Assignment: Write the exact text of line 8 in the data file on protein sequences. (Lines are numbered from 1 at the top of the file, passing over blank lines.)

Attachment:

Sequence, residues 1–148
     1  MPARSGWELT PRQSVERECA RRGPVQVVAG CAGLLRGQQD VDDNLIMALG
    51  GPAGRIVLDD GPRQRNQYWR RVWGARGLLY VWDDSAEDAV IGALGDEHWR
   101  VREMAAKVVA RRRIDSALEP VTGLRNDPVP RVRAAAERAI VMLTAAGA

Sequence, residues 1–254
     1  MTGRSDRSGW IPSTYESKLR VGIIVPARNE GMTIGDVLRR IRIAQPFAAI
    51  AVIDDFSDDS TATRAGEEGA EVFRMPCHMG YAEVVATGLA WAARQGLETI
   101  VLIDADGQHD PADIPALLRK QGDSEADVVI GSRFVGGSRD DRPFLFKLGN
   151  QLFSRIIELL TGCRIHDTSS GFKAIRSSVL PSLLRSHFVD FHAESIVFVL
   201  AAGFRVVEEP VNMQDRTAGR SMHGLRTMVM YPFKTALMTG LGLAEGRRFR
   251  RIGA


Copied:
   101  VLIDADGQHD PADIPALLRK QGDSEADVVI GSRFVGGSRD DRPFLFKLGN